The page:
1 Year Shoe Shopping Ban

I’m sure you are thinking I must be crazy for even attempting a year of no buying shoes. I sure thought I was. I didn’t think I could do it. The rules were simple: don’t shop for shoes in stores or online and don’t buy any new shoes. I also made it a general rule to avoid walking past shoes in stores when I was doing an errand for my family or shopping for a gift. Also, I could be gifted shoes, but couldn’t use that as a loophole to buy shoes.

Now that you know the details, let me share something with you: I already completed this challange. I do swear that I did not buy a single shoe for 13 months. That’s 398 days! You can ask any of my family members: my mom, dad, sister, and boyfriend can all give you their word that I didn’t purchase any new high heeled beauties.

I started back in February 2015 with a goal of doing a year. Wait, that makes it should akin to negotiating jail time, which is what it felt like at first. No really, I started the ban after one day I ordered a pair of shoes to be delivered to my home and then subsequently ordered 2 other pairs to be delivered to Austin when I was on vacation. Ordering the shoes didn’t phase me. When I was in high school and college, I always acquired a steady stream of clothes, accessories, and shoes. These items are classified as “non-consumables”, or things that couldn’t be used up like soap or toothpaste. This was normal to me and this was the first time in my life where I understood I seriously had an addiction, or at least the beginnings of one. If I didn’t, I envisioned myself ending up with a huge home full of stuff I never used and thousands in debt (the opposite of my dream).

At the same time, I happened to be watching the show Intervention after taking an Abnormal Psychology class. I was hooked on the show. All jokes aside, I’m in no way comparing my shoe love to a serious eating disorder or drug addiction. Intervention had got me thinking. If I had a problem, I needed to address it. So, I researched what others did under similar circumstances and came up with a plan. I told any family and friends about my shoe ban. This helped keep me accountable and made my challange more real. I even posted about the ban on social media. I told my therapist and members of a National Allience on Mental Illness (NAMI) support group I attend.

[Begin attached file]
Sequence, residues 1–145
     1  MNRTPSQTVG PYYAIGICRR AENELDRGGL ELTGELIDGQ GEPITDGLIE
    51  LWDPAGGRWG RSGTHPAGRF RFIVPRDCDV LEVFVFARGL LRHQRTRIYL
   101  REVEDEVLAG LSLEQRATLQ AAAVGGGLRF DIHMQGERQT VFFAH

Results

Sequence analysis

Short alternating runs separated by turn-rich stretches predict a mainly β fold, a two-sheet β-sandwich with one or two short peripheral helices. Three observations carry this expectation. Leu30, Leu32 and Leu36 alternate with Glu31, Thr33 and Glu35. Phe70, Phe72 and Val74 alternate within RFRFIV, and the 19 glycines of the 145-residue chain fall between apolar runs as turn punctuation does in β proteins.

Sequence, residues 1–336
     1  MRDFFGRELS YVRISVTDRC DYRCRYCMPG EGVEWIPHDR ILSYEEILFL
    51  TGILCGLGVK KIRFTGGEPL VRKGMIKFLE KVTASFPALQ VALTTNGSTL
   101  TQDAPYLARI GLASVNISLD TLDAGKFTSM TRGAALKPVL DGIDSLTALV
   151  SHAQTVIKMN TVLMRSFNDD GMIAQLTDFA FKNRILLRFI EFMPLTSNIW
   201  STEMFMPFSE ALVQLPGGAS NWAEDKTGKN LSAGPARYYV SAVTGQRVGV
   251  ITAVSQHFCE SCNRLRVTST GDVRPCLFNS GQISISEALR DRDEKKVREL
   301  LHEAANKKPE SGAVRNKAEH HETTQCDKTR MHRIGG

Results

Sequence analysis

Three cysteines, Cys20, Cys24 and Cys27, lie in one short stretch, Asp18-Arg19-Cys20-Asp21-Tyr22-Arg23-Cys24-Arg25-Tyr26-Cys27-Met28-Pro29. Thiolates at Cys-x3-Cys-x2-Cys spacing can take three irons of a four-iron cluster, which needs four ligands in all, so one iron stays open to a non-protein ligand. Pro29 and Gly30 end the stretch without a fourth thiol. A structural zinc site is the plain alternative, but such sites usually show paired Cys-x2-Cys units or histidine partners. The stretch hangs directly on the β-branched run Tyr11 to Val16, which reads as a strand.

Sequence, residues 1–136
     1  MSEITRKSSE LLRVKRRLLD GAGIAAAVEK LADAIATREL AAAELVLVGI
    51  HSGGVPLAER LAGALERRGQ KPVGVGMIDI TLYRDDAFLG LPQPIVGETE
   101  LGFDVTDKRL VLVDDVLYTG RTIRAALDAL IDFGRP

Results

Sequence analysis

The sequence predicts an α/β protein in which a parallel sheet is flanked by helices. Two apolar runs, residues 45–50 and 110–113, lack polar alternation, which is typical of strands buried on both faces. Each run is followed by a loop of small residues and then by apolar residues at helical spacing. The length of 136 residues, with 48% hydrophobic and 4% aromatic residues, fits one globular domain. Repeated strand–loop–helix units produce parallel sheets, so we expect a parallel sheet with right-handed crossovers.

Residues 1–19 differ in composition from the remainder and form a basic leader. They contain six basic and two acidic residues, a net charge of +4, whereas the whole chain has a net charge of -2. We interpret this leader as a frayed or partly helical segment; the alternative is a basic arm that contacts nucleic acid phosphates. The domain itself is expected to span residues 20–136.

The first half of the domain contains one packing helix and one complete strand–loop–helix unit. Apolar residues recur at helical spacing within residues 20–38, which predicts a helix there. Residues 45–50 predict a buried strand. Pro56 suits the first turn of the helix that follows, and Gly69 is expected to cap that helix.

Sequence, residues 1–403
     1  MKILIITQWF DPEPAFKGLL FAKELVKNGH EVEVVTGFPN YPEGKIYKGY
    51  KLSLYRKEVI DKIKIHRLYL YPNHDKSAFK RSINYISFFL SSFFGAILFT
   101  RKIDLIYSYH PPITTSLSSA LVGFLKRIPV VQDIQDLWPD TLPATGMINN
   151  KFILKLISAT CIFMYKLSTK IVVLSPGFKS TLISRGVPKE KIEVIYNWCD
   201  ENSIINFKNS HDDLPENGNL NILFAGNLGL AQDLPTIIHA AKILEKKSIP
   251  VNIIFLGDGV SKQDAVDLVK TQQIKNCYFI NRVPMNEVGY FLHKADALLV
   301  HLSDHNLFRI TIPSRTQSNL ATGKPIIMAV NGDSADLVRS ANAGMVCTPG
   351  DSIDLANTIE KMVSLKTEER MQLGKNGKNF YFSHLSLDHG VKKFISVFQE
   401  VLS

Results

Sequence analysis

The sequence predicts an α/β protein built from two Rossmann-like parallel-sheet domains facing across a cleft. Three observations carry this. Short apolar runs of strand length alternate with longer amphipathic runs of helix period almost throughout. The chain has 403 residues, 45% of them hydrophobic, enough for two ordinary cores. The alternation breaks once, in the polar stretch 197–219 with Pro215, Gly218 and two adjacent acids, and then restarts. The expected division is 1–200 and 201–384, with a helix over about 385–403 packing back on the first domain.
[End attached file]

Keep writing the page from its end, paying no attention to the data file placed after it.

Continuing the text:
I experienced a whole shift in how I looked at my love for shoes. If the tinge of wanting to buy a pair hit, I asked myself why I needed them. Most of the time, it was because they were beautiful or the classic “but I don’t have that style in black.” Seriously, how many black pairs of shoes could a gal own? Apparently, ALL THE SHOES left to my own devices. Turns out I only needed a few. I also learned that I could treat the shoes in the store like works or art-lovely to look at, but highly impractical and unneccisary. I still have quite the collection and I’m constantly re-evaluating whether what I own is functional and is in line with my current style. The most common question I get asked is: how many pairs do you own? I always answer that I own somewhere around 45 and I honestly don’t obsess over the number, but I just got rid of X more pairs!

When I finished the shoe ban, the first thing I did was do my happy dance. Then, I continued the ban. It was another month before I bought a pair in over a year: a black (lol) pair of New Moto Ankle Booties by Rebecca Taylor for $45 that were originally $595. I had 4 pairs of suede booties, but no simple leather ones. The second was a pair of Used Silk Red Kitten Heels with a wraparound strap by Anthropologie for $55 that were originally $150. Then, I ditched my red flats that were always too big on me along with 3 other pairs.

What on Earth do I do with all those unwanted shoes? Personally, I tend to go through my favorite shoes quickly from wearing them constantly, so some end up being donated or put in the trash. The ones that are in wearable or good condition, I give to friends who call “dibs” on an item in my closet should I ever get rid of it or I sell them. I used my money from these sells to buy things I actually need, gifts, and for books for school.

In all, I’m very happy that I went on the ban. I actually re-started my shoe ban in May. I have another ban I’m enacting, but more on that later.

If you would like help starting your own ban, leave a comment. I can help you start your own ban, help decide what shoes to keep/purge, and answer additional questions you may have. Let me know if you have ever done anything similar.

Shop wisely,

Whitney

 

If you or someone you know needs help recovering from an additction, please call 1-800-622-HELP. Alternatively, call your insurance to find out what benefits are offered to you or simply tell a loved one you need help.

 

 

 

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